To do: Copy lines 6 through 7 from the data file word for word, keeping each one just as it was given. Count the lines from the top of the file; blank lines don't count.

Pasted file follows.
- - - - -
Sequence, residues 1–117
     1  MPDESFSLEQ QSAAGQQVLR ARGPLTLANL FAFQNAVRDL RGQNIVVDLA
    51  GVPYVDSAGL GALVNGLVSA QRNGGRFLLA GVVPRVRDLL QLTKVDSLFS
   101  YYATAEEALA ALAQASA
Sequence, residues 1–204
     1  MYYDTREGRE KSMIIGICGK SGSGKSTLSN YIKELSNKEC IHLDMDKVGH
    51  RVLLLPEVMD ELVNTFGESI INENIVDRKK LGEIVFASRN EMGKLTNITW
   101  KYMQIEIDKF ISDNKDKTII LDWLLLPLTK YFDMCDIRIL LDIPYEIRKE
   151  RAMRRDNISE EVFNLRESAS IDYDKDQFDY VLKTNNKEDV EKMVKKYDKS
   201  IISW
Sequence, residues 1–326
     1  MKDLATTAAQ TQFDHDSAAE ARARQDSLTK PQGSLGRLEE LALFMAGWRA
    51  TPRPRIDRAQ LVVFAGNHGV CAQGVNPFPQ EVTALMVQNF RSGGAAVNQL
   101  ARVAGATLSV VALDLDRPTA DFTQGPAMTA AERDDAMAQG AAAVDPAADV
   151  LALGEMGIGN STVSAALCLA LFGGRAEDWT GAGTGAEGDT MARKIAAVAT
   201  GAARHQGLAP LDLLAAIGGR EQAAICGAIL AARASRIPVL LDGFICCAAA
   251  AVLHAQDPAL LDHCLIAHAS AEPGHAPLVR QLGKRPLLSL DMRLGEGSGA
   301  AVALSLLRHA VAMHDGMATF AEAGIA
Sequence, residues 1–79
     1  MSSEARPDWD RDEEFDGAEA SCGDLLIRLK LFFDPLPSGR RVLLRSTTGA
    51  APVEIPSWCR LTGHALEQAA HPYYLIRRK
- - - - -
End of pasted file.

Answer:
     1  MYYDTREGRE KSMIIGICGK SGSGKSTLSN YIKELSNKEC IHLDMDKVGH
    51  RVLLLPEVMD ELVNTFGESI INENIVDRKK LGEIVFASRN EMGKLTNITW